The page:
I'm new here and I hope this is the right place to ask!

I have assembled a 6P 18650 battery pack out using Samsung 25R cells, soldered altogether with Nickel strips, effectively giving me 3.7V 15Ah.

I want to increase the voltage, so I hooked it up to a "XL6009 boost converter" module and also on a "250W 10A boost converter" module, both of which would not allow me to go anywhere near or above 5V!

This has lead me scratching my head and pulling hair out, as I do not understand why this is happening. Both lower and higher end modules are not able to "do the job", leaving me very confused. I was wondering if anyone might know why this is the case? And what would I have to do if I want to step-up to 7-10V??

Thanks and I look forward hearing back!

Do you think it's simply because the input voltage is too low??

  • \$\begingroup\$ What sort of load are you testing this with? \$\endgroup\$
    – NPE
    Oct 21, 2018 at 0:19
  • \$\begingroup\$ This is a complicated kind of troubleshooting. At a first glance, the setup that you described should work. But if it isnt't working, the classical reasons: 1) you connected the wires the wrong way; 2) the step-up modules are defective; 3) the batteries are dead, or empty. There's not much more to be said, because you gave few information about the subject. You should start troubleshooting testing every piece of the setup separately. \$\endgroup\$
    – mguima
    Oct 21, 2018 at 0:39
  • 2
    \$\begingroup\$ Reading XL6009 datasheet tells me that the minimun input voltage is 5 V. \$\endgroup\$
    – Long Pham
    Oct 21, 2018 at 7:08
  • \$\begingroup\$ NPE - I've tested it with my LED setup in parallel, and with a multimeter measuring directly on the output of the moldules for voltage. \$\endgroup\$
    – Omar Al
    Oct 21, 2018 at 13:56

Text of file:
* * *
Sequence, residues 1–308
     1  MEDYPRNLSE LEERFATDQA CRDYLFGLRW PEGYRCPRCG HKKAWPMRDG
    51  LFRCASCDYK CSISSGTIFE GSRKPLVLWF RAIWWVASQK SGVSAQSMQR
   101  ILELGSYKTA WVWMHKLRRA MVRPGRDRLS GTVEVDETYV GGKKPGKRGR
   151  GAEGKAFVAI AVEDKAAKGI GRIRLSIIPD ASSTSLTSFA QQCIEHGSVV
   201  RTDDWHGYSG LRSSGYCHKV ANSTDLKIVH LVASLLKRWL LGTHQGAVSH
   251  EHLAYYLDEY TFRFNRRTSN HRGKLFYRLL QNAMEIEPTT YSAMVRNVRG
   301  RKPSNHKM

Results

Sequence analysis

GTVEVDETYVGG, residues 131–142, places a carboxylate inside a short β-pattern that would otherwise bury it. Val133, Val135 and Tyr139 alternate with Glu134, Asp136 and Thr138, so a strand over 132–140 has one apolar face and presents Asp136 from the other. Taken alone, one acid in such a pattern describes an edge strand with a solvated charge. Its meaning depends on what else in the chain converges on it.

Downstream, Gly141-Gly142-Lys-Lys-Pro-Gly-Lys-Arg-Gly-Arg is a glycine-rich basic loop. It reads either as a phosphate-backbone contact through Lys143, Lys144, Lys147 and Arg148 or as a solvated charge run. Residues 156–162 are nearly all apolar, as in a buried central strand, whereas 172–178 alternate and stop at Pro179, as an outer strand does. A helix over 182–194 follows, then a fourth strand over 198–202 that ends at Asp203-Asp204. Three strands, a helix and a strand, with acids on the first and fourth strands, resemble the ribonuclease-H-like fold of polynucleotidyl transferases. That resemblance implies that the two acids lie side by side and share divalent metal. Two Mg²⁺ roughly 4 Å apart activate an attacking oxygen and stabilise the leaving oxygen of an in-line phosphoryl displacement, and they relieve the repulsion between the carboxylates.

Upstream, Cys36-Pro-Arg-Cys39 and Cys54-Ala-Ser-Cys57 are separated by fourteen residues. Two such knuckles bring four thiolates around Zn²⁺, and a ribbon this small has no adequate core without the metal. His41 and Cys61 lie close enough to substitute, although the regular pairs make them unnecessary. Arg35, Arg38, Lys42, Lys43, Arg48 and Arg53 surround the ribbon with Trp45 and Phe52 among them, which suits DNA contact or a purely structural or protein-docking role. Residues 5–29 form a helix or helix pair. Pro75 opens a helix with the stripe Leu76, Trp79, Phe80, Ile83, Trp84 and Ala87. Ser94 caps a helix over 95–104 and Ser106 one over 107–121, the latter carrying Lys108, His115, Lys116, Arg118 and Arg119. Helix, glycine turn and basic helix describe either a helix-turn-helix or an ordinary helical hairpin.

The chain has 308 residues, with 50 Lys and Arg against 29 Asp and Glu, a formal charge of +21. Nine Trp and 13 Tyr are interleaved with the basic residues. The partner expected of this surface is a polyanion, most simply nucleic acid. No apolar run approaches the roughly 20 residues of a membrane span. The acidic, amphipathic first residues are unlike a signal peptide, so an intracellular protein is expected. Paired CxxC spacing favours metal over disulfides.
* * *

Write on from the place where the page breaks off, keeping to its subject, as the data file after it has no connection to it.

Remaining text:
• \$\begingroup\$ mguima - 1) Wires are definitely not connected the wrong way. 2) Modules are not defective, I've tested/used them for other things within this project and they do work, I mean two faulty boost converters obtained at different times, I must be very unlucky then :( 3) Batteries were charged before assembly, and still gives me a reading of 4.2V. \$\endgroup\$
    – Omar Al
    Oct 21, 2018 at 13:56

1 Answer 1


I would have to assume that you are using some sort of XL6009-based converter module that has all the required passives. I have no information about the other module you are using.

A quick look at the XL6009 data sheet shows that the minimum operating voltage is 5V. Although there would be a bit of design wiggle room, there is no expectation that it would operate below that.

There are other options that might work with your application.

  • \$\begingroup\$ Edgar Brown - Thanks for that! The other module is this: amazon.co.uk/DC-DC-Boost-Converter-Step-up-Constant/dp/… I don't know exactly what chips it uses (yet) but I hope this helps! I've checked the "other option" module you've linked, and I might give it a go but it's max current is only 1.4A. I'm not entirely sure of its inner workings but I was hoping to operate the circuit on 4A at 12V. Do you think this is possible with this perhaps?? \$\endgroup\$
    – Omar Al
    Oct 26, 2018 at 22:04
  • \$\begingroup\$ @Omar That module specifies on its Amazon page that the Input voltage has to be in the 8.5-48V range. A quick search found this one, based off an LM2587, (banggood.com/…) \$\endgroup\$ Oct 26, 2018 at 22:14
  • \$\begingroup\$ Yes, however as previously mentioned, i was able to take a (NP-F) battery at 7.4V and be able to increase the voltage. Your search was a pretty good shout! My only concern is how will I be able to adjust the current more specifically to my needs? I.e. 4A? \$\endgroup\$
    – Omar Al
    Oct 28, 2018 at 0:53
  • \$\begingroup\$ You don't have to "adjust" the current (unless you are talking about adding current limiting, which some DC-DC modulators allow). Your actual load will determine how much current is drawn from a constant-voltage supply. \$\endgroup\$ Oct 28, 2018 at 0:57
  • \$\begingroup\$ Yes! That is what I meant, Current Limiting. the 250W module does allow current limiting (it has two potentiometers) but the XL6009 moldule and the one you suggested only allows for adjusting voltage. Is there no way to limit the current specifically to a certain amp value?? In my OP I stated I've assembled a 6P 18650 battery pack out using Samsung 25R cells, soldered altogether with Nickel strips, which I believe it'll give me 3.7V 15Ah. Correct me if I am wrong. \$\endgroup\$
    – Omar Al
    Oct 28, 2018 at 21:39

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